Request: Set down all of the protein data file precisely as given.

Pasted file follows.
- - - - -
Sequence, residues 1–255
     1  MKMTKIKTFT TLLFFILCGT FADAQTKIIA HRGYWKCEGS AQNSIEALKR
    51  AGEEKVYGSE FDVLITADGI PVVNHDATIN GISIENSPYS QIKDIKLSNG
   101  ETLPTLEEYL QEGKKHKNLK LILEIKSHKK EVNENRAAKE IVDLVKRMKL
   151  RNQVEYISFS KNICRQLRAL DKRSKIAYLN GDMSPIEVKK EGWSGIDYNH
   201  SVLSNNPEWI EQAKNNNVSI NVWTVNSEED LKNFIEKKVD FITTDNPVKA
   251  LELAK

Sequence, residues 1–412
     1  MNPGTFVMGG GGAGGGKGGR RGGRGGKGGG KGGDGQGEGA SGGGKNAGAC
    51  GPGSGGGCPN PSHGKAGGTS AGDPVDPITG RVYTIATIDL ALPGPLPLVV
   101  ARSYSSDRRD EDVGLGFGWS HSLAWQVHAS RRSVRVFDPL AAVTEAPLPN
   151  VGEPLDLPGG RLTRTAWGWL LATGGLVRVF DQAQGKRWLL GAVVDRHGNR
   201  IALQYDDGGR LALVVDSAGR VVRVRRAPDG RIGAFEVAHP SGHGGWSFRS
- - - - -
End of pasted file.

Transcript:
Sequence, residues 1–255
     1  MKMTKIKTFT TLLFFILCGT FADAQTKIIA HRGYWKCEGS AQNSIEALKR
    51  AGEEKVYGSE FDVLITADGI PVVNHDATIN GISIENSPYS QIKDIKLSNG
   101  ETLPTLEEYL QEGKKHKNLK LILEIKSHKK EVNENRAAKE IVDLVKRMKL
   151  RNQVEYISFS KNICRQLRAL DKRSKIAYLN GDMSPIEVKK EGWSGIDYNH
   201  SVLSNNPEWI EQAKNNNVSI NVWTVNSEED LKNFIEKKVD FITTDNPVKA
   251  LELAK

Sequence, residues 1–412
     1  MNPGTFVMGG GGAGGGKGGR RGGRGGKGGG KGGDGQGEGA SGGGKNAGAC
    51  GPGSGGGCPN PSHGKAGGTS AGDPVDPITG RVYTIATIDL ALPGPLPLVV
   101  ARSYSSDRRD EDVGLGFGWS HSLAWQVHAS RRSVRVFDPL AAVTEAPLPN
   151  VGEPLDLPGG RLTRTAWGWL LATGGLVRVF DQAQGKRWLL GAVVDRHGNR
   201  IALQYDDGGR LALVVDSAGR VVRVRRAPDG RIGAFEVAHP SGHGGWSFRS